But Dominique G. Ruggieri, a faculty fellow at the University of Pennsylvania’s Center for Public Health Initiatives, who has studied the B.M.I. letters, said in an interview that the letters could be “an important resource for parents who don’t get the message.”
And some districts that cannot afford to mail the letters, she added, hand them to students. That may likely guarantee delivery will be rerouted: Either the letter descends to the bottom of that archaeological dig known as the backpack, or the student tosses it away.
Allyson Gevertz recently asked her daughter, a high school sophomore in DeKalb County, Ga., about last year’s letter, which Ms. Gevertz did not remember seeing. Her daughter protested that she had brought it home after the letters had been distributed in her physical education class. Ms. Gevertz said her daughter told her: “Everyone started talking about their B.M.I.s and comparing them. And all it did was make everyone feel self-conscious.”
In 2007, Arkansas adjusted its policy, bowing to complaints about the intrusiveness of the letters into a family’s private life, as well as to economic and pragmatic burdens placed on individual districts. Rather than having the letters sent annually, legislators decided that students should be monitored every other year and that high school juniors and seniors should not receive the letters at all.
(Dr. Joseph W. Thompson, a former state surgeon general who oversees the Arkansas Center for Health Improvement, a health policy center that analyzes the school data, said the decision to stop sending letters to juniors and seniors was also prompted by teenage pranks that undermined the annual weigh-ins. At one school, he recalled, teenagers wore ankle weights under their jeans to skew the numbers.)
The Arkansas study by Dr. Gee looked at the B.M.I. results of juniors and seniors who had been evaluated and, after the 2007 legislative changes, those who had not. It found that students whose families had received the letters showed no appreciable improvement in B.M.I. scores after two years, compared with those who had not been screened. Another peer-reviewed study of such letters, a 2011 examination of younger students in California, had similar findings.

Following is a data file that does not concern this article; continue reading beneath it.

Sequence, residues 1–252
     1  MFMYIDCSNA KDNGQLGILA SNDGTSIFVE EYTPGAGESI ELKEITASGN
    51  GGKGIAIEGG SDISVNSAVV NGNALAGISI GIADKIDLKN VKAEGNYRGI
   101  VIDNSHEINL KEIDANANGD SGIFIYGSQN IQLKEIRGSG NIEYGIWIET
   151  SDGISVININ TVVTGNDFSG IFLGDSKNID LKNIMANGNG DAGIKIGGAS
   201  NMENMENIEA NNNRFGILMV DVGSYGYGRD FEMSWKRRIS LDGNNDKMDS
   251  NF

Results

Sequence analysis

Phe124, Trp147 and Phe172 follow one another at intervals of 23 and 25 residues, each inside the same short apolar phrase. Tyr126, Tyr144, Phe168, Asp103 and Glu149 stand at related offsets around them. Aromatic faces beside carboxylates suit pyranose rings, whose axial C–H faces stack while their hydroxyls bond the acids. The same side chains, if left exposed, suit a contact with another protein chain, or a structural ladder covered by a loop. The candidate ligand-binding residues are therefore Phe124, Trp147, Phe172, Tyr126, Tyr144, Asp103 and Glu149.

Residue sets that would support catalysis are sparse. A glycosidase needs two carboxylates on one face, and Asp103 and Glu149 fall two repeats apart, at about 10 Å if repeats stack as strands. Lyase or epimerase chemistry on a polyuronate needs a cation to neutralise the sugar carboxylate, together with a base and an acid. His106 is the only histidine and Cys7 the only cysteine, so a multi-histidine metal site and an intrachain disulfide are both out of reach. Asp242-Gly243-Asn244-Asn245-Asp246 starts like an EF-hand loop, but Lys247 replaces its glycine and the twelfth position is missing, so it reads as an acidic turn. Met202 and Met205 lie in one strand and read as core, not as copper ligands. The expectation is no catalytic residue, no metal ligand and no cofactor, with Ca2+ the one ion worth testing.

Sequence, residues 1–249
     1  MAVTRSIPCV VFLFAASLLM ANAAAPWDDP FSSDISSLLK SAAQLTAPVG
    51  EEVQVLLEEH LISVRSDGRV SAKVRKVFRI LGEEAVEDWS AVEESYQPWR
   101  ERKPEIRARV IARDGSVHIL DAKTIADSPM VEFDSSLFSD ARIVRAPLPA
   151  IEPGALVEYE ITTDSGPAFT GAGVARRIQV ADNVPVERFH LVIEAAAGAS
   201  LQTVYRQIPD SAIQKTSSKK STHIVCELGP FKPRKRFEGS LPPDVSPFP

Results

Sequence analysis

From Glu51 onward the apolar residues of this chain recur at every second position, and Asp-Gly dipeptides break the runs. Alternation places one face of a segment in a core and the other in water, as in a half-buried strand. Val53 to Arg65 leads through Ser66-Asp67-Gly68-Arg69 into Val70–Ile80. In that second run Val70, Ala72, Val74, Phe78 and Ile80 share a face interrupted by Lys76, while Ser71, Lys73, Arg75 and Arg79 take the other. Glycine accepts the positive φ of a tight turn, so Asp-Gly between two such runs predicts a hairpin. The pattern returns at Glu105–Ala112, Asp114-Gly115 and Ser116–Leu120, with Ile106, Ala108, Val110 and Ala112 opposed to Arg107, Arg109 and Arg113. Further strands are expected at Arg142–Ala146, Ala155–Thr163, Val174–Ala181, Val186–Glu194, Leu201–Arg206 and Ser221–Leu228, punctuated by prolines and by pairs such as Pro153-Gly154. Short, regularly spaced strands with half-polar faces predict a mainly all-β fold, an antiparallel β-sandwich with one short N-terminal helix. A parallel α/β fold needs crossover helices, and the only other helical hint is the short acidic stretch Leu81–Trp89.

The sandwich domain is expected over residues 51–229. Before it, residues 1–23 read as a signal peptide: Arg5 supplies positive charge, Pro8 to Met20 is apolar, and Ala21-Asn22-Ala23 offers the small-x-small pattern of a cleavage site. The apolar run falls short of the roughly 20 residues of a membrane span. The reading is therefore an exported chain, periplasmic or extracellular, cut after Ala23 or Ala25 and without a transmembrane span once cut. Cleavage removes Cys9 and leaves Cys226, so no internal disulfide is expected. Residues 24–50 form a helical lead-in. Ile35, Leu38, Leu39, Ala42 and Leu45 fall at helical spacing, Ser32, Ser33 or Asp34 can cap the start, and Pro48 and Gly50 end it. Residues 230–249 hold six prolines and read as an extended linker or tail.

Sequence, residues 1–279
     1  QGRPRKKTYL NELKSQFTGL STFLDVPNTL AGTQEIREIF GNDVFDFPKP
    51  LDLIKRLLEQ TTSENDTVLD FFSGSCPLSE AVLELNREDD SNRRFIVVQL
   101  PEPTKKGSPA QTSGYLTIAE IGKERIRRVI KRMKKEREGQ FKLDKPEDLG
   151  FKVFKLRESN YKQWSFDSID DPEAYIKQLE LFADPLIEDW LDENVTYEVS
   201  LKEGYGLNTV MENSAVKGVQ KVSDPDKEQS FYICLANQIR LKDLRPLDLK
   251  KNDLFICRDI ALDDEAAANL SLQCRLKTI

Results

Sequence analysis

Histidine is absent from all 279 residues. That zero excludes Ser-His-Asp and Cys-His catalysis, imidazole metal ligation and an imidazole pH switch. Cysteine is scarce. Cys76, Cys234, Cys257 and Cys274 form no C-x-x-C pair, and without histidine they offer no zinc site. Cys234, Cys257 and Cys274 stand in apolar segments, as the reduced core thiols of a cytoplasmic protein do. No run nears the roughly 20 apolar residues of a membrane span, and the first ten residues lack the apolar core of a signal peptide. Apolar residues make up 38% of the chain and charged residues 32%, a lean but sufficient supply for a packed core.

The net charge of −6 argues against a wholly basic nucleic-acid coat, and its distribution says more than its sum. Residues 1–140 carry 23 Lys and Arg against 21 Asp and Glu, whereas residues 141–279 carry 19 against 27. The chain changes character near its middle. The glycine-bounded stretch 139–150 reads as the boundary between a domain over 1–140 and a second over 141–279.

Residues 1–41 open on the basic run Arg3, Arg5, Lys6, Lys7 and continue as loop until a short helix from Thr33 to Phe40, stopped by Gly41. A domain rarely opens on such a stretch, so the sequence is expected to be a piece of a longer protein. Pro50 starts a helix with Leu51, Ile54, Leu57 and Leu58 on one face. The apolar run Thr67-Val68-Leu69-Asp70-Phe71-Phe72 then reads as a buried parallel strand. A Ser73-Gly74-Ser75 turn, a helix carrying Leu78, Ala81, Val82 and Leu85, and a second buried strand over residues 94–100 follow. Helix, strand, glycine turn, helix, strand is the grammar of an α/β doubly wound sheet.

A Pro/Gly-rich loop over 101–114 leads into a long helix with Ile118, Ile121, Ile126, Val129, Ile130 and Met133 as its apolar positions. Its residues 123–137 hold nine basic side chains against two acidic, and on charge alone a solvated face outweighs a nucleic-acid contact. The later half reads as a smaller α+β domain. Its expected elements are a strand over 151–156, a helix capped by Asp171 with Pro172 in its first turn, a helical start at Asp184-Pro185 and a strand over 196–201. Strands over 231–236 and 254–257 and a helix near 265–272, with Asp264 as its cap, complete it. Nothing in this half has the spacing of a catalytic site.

Dr. Gee did not have access to the state’s records, but used secondary data that Arkansas reported to the Centers for Disease Control and Prevention for its Youth Risk Behavior Survey. But as experts have observed, self-reporters on surveys tend to minimize their weight and exaggerate their height. The direct data itself might have been even more disappointing than Dr. Gee’s results.
Martha M. Phillips, an associate professor of epidemiology at the University of Arkansas for Medical Sciences who evaluated the annual Arkansas data for a decade, said the letters alone were never expected to change behavior.
Arkansas schools, she said, reinforced the message with many efforts. Some school districts banned vending machines or regulated student access to them, and limited the snacks’ calorie count. Others restricted the number of parties a classroom could hold in a year, to cut off seemingly endless supplies of cupcakes and brownies. Others beefed up staff for physical education classes.
The result? Obesity rates among Arkansas schoolchildren have remained roughly the same since the initiative began.
This, some experts say, constitutes good news.
“It didn’t get worse,” Dr. Phillips said, who noted that obesity rates had been rising steadily for some three decades before the new program took effect.
Yet Arkansas teenagers have a heavier profile than the overall average of the state’s schoolchildren. Dr. Thompson, a pediatrician, said that although he believes schools have a critical role in obesity prevention, by the time students reach older adolescence, “it’s more of a clinical treatment issue as opposed to a prevention strategy.”
The study questioned whether a school’s scarce resources were best spent on sending B.M.I. reports home to teenagers.
”A letter home in high school doesn’t make a lot of sense,” said Dr. Story of Duke, who conducted research in Minnesota on obesity prevention programs for adolescents. “Most teenagers already know when they’re overweight.”